Eligibility :There are no specific academic requirements for full time courses in photography, however, candidates who have cleared the 10+2 exam are eligible for the diploma/certificate courses in photography.

Job Prospects & Career Options: One of the most exciting aspects of photography is the variety of jobs available in the field, ranging from highly specialized, technical work to jobs that require creativity and Visual literacy.

Remuneration : Photographers can start working as assistants to senior photographers, in which capacity they are paid around Rs. 3,500 – 6,000. These days, photographers have packages of nearly Rs. 25,000 per month, and frankly, the sky is the limit.

Get your free copy of our eBook ‘Tips and Steps on How To Be The Change and Make a Difference’ now. Click here.

Recieve Youth Ki Awaaz news in your inbox. Subscribe now! Click here.

Supporters: SaveLife Foundation

You must be to comment.
  1. Shari

    Good info on Photography still there are many types in photography which we would like you all to know through our blog..We have started Shari academy blog. In this blog we are trying to enlighten the photographers with all the information provided on photography..so please take a bit of time and visit our site we would like to know your suggestions on our blog. thank you http://www.shariblog.com

  2. saransh khurana

    hlo m saransh from haryana. i m in 12th i m confuse which career is good for me. i like travelling and collecting information. plz tell me if travel photography is a good career for me

  3. Ashok raj tirgar

    I likes &. I am traiy to my cariear

  4. EnventDigitalTechnologies

    Hi,

    Thanks for sharing this post.

    http://goo.gl/BNsV0t

More from Youth Ki Awaaz

Similar Posts

By Internshala

By Poorvi Tiwari

By Ranjit Kumar

Wondering what to write about?

Here are some topics to get you started

Share your details to download the report.









We promise not to spam or send irrelevant information.

Share your details to download the report.









We promise not to spam or send irrelevant information.

An ambassador and trained facilitator under Eco Femme (a social enterprise working towards menstrual health in south India), Sanjina is also an active member of the MHM Collective- India and Menstrual Health Alliance- India. She has conducted Menstrual Health sessions in multiple government schools adopted by Rotary District 3240 as part of their WinS project in rural Bengal. She has also delivered training of trainers on SRHR, gender, sexuality and Menstruation for Tomorrow’s Foundation, Vikramshila Education Resource Society, Nirdhan trust and Micro Finance, Tollygunj Women In Need, Paint It Red in Kolkata.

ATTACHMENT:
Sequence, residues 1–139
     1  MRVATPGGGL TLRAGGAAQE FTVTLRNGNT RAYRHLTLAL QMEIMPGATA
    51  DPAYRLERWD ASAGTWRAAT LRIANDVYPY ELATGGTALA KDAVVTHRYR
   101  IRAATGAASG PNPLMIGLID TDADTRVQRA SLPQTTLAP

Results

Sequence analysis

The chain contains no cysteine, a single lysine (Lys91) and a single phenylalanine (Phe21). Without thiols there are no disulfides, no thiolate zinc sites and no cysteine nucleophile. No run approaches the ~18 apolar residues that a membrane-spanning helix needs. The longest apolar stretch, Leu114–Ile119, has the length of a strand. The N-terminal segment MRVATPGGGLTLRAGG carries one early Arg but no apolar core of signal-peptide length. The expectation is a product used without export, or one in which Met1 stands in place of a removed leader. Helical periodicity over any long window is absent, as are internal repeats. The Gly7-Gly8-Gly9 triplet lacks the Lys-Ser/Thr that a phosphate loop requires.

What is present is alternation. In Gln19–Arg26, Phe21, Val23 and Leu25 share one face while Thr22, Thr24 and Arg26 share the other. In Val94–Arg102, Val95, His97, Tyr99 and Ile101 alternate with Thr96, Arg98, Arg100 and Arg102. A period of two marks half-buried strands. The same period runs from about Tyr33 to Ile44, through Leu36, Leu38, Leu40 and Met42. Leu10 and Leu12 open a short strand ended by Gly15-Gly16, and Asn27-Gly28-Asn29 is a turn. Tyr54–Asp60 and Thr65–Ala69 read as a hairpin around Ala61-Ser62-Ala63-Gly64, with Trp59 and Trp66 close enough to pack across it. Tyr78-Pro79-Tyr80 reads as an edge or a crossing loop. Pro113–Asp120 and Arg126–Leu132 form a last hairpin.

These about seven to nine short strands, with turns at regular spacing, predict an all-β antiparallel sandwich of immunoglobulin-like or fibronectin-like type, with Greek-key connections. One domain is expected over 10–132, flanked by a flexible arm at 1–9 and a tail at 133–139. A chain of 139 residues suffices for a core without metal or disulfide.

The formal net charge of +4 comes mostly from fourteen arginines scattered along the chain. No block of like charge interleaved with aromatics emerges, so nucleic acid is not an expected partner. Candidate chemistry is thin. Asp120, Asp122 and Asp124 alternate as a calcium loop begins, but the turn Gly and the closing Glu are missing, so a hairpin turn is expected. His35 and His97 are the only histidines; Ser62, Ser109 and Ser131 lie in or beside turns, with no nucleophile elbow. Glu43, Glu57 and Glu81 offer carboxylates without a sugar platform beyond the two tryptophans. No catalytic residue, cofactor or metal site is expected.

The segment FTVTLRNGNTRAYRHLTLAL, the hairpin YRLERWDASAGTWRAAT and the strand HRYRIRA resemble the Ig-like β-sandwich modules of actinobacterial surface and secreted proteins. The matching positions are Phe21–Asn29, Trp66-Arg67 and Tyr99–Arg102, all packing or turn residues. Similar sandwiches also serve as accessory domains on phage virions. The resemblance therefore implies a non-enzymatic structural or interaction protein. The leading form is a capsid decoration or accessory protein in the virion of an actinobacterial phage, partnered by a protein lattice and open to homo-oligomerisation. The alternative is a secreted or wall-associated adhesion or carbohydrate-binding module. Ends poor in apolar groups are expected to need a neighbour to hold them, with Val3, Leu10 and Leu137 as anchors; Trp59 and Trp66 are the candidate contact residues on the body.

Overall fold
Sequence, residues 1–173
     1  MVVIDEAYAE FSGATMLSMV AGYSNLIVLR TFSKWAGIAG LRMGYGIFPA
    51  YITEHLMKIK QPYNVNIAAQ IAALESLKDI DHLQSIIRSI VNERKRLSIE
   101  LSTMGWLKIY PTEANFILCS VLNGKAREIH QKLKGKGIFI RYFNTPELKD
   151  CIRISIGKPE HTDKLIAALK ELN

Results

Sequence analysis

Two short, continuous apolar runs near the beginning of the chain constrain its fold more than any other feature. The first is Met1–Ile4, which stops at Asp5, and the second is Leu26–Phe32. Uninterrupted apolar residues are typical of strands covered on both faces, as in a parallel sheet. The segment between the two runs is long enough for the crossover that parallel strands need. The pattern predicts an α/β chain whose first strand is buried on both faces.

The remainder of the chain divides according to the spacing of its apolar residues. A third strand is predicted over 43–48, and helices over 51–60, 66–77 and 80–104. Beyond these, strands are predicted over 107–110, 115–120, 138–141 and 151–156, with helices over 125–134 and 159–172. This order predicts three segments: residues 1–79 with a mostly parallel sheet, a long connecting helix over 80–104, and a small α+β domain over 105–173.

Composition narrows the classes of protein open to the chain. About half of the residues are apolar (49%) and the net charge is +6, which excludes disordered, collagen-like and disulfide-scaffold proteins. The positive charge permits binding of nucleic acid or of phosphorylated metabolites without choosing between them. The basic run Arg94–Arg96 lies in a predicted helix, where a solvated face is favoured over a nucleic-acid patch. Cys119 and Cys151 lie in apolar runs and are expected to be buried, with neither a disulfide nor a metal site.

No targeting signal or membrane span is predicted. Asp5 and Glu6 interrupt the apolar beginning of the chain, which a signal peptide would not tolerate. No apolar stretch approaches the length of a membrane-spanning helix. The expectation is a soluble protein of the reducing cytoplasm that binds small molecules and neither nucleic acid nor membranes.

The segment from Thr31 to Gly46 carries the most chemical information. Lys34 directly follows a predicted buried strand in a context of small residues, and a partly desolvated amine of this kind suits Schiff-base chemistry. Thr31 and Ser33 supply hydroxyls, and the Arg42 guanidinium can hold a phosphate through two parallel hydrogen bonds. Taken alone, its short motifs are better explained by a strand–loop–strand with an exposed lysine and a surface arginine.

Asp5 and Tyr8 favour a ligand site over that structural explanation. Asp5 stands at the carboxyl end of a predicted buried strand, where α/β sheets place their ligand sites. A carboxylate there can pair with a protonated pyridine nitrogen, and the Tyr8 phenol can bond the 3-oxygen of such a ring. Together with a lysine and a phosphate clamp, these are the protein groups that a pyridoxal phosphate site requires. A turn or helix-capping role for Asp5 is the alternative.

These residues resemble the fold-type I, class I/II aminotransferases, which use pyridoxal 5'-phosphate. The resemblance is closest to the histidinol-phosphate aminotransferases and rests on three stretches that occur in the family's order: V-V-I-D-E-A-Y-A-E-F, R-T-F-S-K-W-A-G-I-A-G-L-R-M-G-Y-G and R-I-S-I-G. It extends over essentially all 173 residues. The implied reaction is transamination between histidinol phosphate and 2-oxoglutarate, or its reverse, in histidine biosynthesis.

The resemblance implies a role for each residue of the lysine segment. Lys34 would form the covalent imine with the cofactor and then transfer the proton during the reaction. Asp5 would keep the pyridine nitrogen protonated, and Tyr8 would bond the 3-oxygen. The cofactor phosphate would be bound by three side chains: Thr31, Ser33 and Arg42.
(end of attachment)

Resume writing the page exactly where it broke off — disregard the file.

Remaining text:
Now as an MH Fellow with YKA, she’s expanding her impressive scope of work further by launching a campaign to facilitate the process of ensuring better menstrual health and SRH services for women residing in correctional homes in West Bengal. The campaign will entail an independent study to take stalk of the present conditions of MHM in correctional homes across the state and use its findings to build public support and political will to take the necessary action.

Saurabh has been associated with YKA as a user and has consistently been writing on the issue MHM and its intersectionality with other issues in the society. Now as an MHM Fellow with YKA, he’s launched the Right to Period campaign, which aims to ensure proper execution of MHM guidelines in Delhi’s schools.

The long-term aim of the campaign is to develop an open culture where menstruation is not treated as a taboo. The campaign also seeks to hold the schools accountable for their responsibilities as an important component in the implementation of MHM policies by making adequate sanitation infrastructure and knowledge of MHM available in school premises.

Read more about his campaign.

Harshita is a psychologist and works to support people with mental health issues, particularly adolescents who are survivors of violence. Associated with the Azadi Foundation in UP, Harshita became an MHM Fellow with YKA, with the aim of promoting better menstrual health.

Her campaign #MeriMarzi aims to promote menstrual health and wellness, hygiene and facilities for female sex workers in UP. She says, “Knowledge about natural body processes is a very basic human right. And for individuals whose occupation is providing sexual services, it becomes even more important.”

Meri Marzi aims to ensure sensitised, non-discriminatory health workers for the needs of female sex workers in the Suraksha Clinics under the UPSACS (Uttar Pradesh State AIDS Control Society) program by creating more dialogues and garnering public support for the cause of sex workers’ menstrual rights. The campaign will also ensure interventions with sex workers to clear misconceptions around overall hygiene management to ensure that results flow both ways.

Read more about her campaign.

MH Fellow Sabna comes with significant experience working with a range of development issues. A co-founder of Project Sakhi Saheli, which aims to combat period poverty and break menstrual taboos, Sabna has, in the past, worked on the issue of menstruation in urban slums of Delhi with women and adolescent girls. She and her team also released MenstraBook, with menstrastories and organised Menstra Tlk in the Delhi School of Social Work to create more conversations on menstruation.

With YKA MHM Fellow Vineet, Sabna launched Menstratalk, a campaign that aims to put an end to period poverty and smash menstrual taboos in society. As a start, the campaign aims to begin conversations on menstrual health with five hundred adolescents and youth in Delhi through offline platforms, and through this community mobilise support to create Period Friendly Institutions out of educational institutes in the city.

Read more about her campaign.